As uncertainty surrounding the COVID-19 pandemic quarantine wears on, there remains one constant: a reliance on the internet, social media, and streaming services for work, school, entertainment, and keeping in touch with friends and family. But is the increased screen time — and the resulting onslaught of emails, memes, and media consumption that come with the removed barrier between work and home — taking a toll on our mental health? For answers, we turned to Simon Gottschalk, a UNLV sociology professor and author of “The Terminal Self: Everyday Life in Hypermodern Times,” which examines the social and psychological toll of our increasingly online lives on work, education, family life, interactions, our sense of self, and more.
Marshmallow-soft couch cushions and a cutesy vintage chair here. Dim lighting and blackout curtains there. Ah, there’s nothing like the comforts of home. Except during a pandemic. Across the nation, new work-from-home and distance learning routines amid the COVID-19 outbreak have many people — and their strained necks, backs, and eyes — wishing they could trade those home comforts for the comforts of the office.
With thousands of schools and preschools closed and many states under “stay-at-home” orders to try to limit the spread of the novel coronavirus, families are facing a tough situation: trying to work — possibly remotely — while simultaneously being responsible…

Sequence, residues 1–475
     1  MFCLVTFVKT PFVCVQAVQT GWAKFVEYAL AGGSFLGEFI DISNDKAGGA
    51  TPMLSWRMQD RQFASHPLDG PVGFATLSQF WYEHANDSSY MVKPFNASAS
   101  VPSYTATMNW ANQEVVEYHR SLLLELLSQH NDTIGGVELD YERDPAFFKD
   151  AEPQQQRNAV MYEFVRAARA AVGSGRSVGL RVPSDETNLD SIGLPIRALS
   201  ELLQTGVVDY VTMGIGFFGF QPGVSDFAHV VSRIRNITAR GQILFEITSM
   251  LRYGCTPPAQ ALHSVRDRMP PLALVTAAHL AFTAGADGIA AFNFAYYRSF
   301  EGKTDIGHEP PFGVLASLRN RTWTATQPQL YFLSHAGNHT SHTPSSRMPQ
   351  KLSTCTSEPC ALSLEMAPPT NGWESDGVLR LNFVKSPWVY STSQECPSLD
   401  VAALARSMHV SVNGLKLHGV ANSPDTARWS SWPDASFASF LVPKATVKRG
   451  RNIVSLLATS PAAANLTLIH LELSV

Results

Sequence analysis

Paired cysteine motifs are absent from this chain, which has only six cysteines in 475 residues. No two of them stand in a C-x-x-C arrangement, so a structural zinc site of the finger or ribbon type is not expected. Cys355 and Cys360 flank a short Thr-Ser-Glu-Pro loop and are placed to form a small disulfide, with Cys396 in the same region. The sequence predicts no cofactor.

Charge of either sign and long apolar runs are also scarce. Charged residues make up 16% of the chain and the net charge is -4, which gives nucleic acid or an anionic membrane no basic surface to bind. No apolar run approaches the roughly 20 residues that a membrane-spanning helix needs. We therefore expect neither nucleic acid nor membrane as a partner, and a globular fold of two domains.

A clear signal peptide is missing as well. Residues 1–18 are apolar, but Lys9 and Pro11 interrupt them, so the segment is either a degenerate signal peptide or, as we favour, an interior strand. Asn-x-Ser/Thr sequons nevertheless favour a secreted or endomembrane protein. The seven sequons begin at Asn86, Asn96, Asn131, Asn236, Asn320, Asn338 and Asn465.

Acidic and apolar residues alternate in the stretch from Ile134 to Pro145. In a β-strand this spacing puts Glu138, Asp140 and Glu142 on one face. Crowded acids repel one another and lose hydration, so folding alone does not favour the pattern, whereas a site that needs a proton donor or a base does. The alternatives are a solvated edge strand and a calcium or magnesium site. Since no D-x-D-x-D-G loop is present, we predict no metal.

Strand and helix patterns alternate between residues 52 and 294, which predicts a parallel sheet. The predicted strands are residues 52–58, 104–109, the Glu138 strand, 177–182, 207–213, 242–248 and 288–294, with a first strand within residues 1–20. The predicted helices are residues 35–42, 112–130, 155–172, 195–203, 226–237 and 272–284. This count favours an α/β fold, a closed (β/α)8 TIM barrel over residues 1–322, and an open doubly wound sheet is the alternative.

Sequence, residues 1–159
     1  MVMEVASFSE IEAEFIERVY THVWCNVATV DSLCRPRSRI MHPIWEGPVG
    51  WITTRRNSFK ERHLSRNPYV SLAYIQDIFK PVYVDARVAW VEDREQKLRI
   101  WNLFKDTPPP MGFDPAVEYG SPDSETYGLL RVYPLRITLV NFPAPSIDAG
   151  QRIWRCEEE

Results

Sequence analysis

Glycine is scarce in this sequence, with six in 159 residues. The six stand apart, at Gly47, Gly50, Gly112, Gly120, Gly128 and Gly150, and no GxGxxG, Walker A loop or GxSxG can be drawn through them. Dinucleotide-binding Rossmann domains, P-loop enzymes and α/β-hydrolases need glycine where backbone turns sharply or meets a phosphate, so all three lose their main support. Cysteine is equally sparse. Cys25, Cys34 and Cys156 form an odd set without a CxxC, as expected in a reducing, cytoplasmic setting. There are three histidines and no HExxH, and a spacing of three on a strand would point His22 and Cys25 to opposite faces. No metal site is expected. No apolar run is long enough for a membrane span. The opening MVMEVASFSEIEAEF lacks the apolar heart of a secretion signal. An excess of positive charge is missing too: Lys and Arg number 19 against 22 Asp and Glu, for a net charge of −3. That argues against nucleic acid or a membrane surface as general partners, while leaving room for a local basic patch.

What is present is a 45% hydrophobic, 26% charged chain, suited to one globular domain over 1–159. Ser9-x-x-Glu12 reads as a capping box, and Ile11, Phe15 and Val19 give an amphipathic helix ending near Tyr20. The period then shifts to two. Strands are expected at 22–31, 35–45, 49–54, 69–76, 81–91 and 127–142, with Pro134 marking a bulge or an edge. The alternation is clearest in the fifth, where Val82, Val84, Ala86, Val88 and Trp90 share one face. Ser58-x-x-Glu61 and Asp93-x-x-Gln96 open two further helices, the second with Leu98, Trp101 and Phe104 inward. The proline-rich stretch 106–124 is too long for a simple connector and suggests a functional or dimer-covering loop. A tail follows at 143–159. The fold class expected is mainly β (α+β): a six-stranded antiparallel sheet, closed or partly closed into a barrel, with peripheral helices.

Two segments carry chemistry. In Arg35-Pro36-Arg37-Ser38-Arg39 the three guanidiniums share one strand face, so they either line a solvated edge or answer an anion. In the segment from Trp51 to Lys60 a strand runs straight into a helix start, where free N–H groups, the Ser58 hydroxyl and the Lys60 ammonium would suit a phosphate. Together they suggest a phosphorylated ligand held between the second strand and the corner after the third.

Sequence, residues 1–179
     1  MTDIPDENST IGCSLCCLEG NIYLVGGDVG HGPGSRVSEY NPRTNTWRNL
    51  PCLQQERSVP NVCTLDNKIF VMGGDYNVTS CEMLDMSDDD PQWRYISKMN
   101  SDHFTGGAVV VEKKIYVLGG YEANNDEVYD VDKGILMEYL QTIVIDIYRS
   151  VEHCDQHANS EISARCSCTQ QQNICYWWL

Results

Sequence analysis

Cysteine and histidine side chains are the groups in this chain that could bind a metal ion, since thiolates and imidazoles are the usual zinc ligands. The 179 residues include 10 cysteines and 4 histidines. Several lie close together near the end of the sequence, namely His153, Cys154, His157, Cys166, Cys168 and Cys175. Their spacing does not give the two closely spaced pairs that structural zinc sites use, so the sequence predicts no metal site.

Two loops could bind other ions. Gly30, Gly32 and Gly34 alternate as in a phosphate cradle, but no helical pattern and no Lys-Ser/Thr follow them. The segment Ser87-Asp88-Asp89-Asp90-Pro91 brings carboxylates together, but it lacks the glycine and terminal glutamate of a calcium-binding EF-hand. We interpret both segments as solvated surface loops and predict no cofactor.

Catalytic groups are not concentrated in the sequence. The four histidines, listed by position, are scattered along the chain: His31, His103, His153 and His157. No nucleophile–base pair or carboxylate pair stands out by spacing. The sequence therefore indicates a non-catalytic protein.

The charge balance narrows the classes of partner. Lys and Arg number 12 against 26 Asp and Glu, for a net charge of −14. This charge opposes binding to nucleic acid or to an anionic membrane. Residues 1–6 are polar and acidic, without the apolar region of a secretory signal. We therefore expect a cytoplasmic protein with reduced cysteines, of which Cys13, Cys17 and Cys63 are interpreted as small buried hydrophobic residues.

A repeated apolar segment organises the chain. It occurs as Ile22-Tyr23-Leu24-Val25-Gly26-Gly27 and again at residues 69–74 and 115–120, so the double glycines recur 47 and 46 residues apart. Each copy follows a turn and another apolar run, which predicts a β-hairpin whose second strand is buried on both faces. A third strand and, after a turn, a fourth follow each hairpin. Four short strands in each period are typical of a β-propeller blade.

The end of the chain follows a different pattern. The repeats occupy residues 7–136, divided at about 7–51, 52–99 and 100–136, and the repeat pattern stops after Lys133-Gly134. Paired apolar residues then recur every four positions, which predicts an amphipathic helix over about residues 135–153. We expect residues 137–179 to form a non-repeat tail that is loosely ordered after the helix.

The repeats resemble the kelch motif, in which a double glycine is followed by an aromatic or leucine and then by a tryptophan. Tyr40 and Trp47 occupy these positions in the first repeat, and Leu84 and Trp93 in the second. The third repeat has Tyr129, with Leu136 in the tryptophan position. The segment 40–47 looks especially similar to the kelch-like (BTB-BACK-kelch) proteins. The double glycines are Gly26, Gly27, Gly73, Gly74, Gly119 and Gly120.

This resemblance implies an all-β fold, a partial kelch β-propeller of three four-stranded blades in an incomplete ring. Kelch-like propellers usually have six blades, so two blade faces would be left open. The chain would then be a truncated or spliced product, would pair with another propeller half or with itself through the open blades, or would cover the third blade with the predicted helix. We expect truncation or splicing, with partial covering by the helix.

Despite the time spent with smartphones and social media, young people today are just as socially skilled as those from the previous generation, a new study suggests.
Lately, almost all aspects of life have become “virtual.” Opportunities for in-person social engagement, education, and outdoor experiences have largely been moved onto screens.
Even before COVID-19 struck, most parents understood that too much screen time was a bad thing for their children. But now that screens have increasingly become ever-present in our daily lives — supporting our children’s educational and social needs in the absence…
As social distancing policies come into play and schools progressively cancel sports, excursions and extra-curricular activities, UniSA experts are cautioning parents that filling this void with additional screen time could be detrimental to their children’s health.
With many schools closed as a measure against the spread of coronavirus, and many parents working remotely, families can incorporate a variety of activities — including educational ones — to keep kids engaged and ready to continue learning when they return to school, say family experts at Baylor University.
Rutgers scholar Dafna Lemish, author of Children and Media: A Global Perspective, is available to discuss how families should handle children’s screen time during school closures related to COVID19. “With schools closing and moving to remote learning amidst COVID-19, children…
New Brunswick, N.J. (Dec 13, 2019) – Rutgers scholar Dafna Lemish, author of Children and Media: A Global Perspective, is available to discuss how families should handle children’s screen time during the holidays. “The holiday season and harsh weather often…
A study conducted by the University at Albany, the National Institutes of Health and New York University Langone Medical Center uncovered several new findings about the amount of time children spend watching television or using a computer or mobile device.